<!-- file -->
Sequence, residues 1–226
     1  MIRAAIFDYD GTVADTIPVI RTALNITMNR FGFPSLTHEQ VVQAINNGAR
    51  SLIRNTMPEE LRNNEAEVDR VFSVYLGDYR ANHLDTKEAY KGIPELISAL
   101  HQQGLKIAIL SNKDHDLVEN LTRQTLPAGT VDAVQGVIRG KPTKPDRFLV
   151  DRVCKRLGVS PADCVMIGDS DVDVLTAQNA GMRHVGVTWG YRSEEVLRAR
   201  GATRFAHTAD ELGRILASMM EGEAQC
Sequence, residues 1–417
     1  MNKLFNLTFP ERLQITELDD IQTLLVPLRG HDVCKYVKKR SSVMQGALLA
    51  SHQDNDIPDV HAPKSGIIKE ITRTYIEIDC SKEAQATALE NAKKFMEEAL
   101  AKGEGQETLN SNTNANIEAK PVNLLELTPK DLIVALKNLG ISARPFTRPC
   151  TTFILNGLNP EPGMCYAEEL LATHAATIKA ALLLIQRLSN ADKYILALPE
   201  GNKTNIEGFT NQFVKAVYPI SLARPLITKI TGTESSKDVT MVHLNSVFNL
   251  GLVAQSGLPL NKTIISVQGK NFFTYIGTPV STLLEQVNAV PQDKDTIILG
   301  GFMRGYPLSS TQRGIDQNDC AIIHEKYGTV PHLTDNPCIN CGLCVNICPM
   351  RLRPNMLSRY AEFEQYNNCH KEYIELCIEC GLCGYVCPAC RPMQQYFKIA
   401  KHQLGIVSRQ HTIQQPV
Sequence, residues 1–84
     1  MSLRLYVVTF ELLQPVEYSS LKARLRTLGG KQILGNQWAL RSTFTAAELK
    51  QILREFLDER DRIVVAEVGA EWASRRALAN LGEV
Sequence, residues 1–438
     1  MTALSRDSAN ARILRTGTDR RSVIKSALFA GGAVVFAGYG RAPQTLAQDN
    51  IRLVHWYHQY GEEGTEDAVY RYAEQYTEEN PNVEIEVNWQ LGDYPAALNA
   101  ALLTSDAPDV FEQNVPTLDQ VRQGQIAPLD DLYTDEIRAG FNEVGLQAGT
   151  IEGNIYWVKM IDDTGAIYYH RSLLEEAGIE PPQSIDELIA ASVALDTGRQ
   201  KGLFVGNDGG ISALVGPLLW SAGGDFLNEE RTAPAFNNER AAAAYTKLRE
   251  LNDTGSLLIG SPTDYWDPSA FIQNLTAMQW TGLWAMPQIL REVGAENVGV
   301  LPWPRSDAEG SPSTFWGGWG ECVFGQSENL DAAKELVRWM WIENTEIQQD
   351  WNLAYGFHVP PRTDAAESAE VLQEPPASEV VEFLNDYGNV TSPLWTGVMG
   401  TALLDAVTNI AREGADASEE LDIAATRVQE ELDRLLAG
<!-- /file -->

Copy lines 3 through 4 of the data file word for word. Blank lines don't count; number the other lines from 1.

    51  SLIRNTMPEE LRNNEAEVDR VFSVYLGDYR ANHLDTKEAY KGIPELISAL
   101  HQQGLKIAIL SNKDHDLVEN LTRQTLPAGT VDAVQGVIRG KPTKPDRFLV